The Stainmore Railway

Location : Kirkby Stephen
Ordnance Survey – NY 775088.

All that remains of the Belah viaduct at Stainmore

All that remains of the Belah viaduct at Stainmore


The South Durham & Lancashire Union Railway opened a single line between Barnard Castle and Tebay in 1861. It was taken over by the Stockton & Darlington Railway in 1863 and later the same year was absorbed by the NER.
 
It was built to take coke to the Cumberland & Furness blast furnaces and iron ore back to Cleveland; by 1874 much of the line was doubled. In 1910 five passenger trains were provided by the North Eastern Railway on weekdays, the journey taking 45 minutes and forty years later, under BR, the service was virtually the same.
 
It was also utilised by seasonal and excursion through trains between the NE and the Lancashire resorts of Blackpool and Morecambe. In LNER days it was mainly worked by NER class J21 and J25 0-6-0s, replaced in the 1950s by BR standard class 2-6-0s and 2-6-2Ts.
 
In January 1958 DMUs took over local services although steam was retained on summer through trains.
 
The line closed to all traffic in 1962.
 
British Railways very quickly lifted the track, demolished Belah viaduct and other structures, leaving only the section from Hartley Quarry to Appleby open to carry goods traffic until October 1974. This included a section of the South Durham and Lancashire Union Railway near Kirkby Stephen.
 
Most of the track bed of the former route over Stainmore Summit to Barnard Castle or Bishop Auckland and the east is still intact, however the viaducts at Belah, Deepdale and Tees are sadly just memories. [See links below for historic pictures.]
 
The Northern Viaducts Round follows just over a mile of the former Stainmore Railway. Near Kirkby Stephen the Merrygill and Podgill Viaducts have been restored by the The Northern Viaduct Trust, forming the railway part of the walk, along with the award winning Stenkrith Millennium Bridge, which crosses the River Eden, providing access to the route from Kirkby Stephen.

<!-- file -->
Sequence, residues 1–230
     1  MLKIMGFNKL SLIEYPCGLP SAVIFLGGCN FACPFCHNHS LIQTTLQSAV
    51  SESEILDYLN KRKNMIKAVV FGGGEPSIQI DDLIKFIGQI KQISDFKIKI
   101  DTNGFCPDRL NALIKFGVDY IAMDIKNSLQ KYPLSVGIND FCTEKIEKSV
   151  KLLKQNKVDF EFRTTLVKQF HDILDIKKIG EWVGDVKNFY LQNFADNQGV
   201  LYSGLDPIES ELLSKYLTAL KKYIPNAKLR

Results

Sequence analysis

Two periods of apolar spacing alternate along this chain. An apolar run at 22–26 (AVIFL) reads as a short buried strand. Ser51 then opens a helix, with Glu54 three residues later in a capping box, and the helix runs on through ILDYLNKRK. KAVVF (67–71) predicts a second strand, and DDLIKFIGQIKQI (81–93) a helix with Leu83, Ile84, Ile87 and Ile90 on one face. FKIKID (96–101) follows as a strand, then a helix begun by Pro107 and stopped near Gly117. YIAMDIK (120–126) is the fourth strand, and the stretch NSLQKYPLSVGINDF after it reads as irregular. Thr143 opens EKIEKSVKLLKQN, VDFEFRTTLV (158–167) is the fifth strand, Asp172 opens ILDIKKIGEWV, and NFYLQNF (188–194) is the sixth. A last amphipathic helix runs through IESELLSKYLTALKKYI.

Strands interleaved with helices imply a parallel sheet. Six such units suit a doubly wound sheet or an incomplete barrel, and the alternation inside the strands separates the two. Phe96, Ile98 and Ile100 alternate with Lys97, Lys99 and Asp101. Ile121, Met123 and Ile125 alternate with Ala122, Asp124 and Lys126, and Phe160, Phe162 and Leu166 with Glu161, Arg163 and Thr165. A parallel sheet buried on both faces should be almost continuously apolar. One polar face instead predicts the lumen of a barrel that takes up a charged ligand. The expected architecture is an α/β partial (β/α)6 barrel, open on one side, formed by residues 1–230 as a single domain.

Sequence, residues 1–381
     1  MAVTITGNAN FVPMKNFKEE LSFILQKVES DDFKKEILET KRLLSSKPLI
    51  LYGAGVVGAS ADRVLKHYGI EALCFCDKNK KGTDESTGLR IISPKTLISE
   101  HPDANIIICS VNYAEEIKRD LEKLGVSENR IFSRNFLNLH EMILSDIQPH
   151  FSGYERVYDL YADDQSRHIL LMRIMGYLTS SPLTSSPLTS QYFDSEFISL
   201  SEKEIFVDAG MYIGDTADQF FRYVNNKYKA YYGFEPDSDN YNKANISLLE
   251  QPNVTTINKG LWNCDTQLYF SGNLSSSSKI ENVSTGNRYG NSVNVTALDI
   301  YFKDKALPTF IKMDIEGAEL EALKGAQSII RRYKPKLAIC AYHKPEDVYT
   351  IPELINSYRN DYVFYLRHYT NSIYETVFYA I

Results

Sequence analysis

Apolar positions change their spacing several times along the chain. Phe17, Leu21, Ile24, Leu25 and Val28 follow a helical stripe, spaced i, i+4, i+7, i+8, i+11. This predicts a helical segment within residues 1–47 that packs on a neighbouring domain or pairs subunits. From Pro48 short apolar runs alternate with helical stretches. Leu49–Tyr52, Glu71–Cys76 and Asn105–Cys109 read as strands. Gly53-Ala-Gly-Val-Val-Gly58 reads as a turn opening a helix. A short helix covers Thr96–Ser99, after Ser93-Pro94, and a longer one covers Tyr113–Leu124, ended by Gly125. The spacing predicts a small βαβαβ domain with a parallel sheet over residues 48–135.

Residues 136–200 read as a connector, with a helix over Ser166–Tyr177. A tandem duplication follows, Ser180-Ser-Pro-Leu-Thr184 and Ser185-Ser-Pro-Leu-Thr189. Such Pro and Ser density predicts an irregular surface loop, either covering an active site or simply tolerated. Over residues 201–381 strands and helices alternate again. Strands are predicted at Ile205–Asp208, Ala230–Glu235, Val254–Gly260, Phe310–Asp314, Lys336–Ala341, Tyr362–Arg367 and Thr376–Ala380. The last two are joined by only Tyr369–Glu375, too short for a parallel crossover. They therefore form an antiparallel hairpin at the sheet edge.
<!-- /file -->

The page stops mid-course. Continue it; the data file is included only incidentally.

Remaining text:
The Kirkby Stephen east heritage centre based in the Kirkby East Railway Station opened to the pubic in 2011 – with steam train rides, and various items on display including several steam and diesel engines, various carriages, and good vehicles.
 
The Eden Valley Railway Company was formed in 1856 at a meeting in Appleby, then the county town of Westmorland, to build the line between Kirkby Stephen and Clifton just south of Penrith). This formed a link between the Darlington and Tebay (The South Durham and Lancashire Union Railway, or Stainmore line), and Penrith, and opened to passengers on 7th June 1862.
 
The Eden Valley Railway trust is making efforts to re-open the section of line between Appleby and Warcop, and has bought, via Stainmore Properties Ltd, Kirkby Stephen East station, with an eventual aim of perhaps re-opening the line all the way to Stainmore.
 
Kirkby Stephen East station

Kirkby Stephen East station


 
Stainmore railway

Old map of Westmorland, showing the two railway routes from Appleby to Kirkby Stephen, with the East Station route continuing to Stainmore, and having a branch joining from Tebay.


 
Photos by Simon Ledingham.
 
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